Behavioral Economics in Public Policy in the Age of Covid-19: A Systematic Review

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Lindon Vela Meléndez, Edwin Abel Tarrillo Vásquez, Raquel Yovana Tello Flores, Carola Amparo Smith Maguiña, Nancy Liliana Heredia Carhuapoma, Iliana Cleopatra Serrepe Zapata, Adela Edith Leiva Alfaro, Lucinda Esperanza Castillo Seminario, Doris Amelia Sal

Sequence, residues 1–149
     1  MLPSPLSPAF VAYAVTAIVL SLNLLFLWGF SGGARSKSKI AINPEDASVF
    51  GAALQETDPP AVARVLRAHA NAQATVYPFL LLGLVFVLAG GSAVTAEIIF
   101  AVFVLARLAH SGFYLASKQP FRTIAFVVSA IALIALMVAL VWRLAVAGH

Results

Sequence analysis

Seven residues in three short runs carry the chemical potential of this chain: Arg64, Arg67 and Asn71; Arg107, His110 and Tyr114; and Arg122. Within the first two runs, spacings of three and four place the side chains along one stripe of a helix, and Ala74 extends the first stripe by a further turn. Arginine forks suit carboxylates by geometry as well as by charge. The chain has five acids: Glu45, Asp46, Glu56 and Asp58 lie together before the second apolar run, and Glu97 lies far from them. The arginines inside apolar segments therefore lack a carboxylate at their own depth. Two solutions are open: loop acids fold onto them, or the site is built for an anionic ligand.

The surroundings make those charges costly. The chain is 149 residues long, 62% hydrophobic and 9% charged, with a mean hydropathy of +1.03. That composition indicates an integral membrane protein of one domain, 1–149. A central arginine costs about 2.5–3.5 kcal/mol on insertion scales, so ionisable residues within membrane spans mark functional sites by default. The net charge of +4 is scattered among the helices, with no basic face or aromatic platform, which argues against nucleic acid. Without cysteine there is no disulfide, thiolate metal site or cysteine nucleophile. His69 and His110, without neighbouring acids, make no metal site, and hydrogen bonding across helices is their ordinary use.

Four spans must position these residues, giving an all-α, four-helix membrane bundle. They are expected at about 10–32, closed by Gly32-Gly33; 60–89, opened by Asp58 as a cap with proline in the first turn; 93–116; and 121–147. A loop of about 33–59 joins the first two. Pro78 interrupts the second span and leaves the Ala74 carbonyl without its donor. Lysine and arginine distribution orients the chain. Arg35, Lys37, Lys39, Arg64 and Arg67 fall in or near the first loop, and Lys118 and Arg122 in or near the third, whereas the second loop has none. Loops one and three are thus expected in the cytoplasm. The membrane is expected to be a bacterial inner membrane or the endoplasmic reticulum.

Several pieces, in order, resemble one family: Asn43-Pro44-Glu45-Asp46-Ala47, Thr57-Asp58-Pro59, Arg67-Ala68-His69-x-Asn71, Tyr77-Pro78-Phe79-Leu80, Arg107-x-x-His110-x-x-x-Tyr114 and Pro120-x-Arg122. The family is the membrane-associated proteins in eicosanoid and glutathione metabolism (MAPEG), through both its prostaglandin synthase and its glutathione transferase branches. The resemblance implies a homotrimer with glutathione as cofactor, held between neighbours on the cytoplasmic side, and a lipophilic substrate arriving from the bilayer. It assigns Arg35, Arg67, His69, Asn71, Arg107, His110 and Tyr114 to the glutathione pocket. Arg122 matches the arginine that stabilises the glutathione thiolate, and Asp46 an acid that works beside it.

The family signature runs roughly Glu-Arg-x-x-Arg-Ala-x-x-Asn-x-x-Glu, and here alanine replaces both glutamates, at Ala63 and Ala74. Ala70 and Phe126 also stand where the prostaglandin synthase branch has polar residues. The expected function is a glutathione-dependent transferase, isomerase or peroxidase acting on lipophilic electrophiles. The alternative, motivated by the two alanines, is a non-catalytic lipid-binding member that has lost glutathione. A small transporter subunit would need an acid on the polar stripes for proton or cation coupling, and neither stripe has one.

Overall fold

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Following the guidelines of the PRISMA (Preferred Reporting Items for Systematic reviews and Meta-Analyses) statement and accessing databases such as Scopus, Web of Science, PubMed, Google Scholar and Academic Searh, during the years 2020 and 2021, with topics related to behavioral economics and the design of public policies to address the covid-19 pandemic, it has been determined that public policy makers have identified behavioral biases that have impeded rational decision making by individuals regarding vaccination, the use of personal protection mechanisms such as masks and face shields, social distancing, dietary habits and physical activity. The behavioral biases identified have been mainly loss aversion related to negativity framing bias, representativeness heuristics, confirmation bias, present bias, negativity bias, over-optimism, availability heuristics, status quo or inertia bias and cognitive overload. The tools with the greatest application to combat behavioral biases have been framing, used in communication mechanisms, financial or in-kind micro-incentives for compliance, descriptive and prescriptive norms, as well as nudges and libertarian paternalism. Finally, there is evidence that behavioral economics has a substantial contribution to make in the fight against the covid-19 pandemic and the scenario is serving to validate the contributions of the 2017 Nobel Laureate in Economics Richard H. Thaler.

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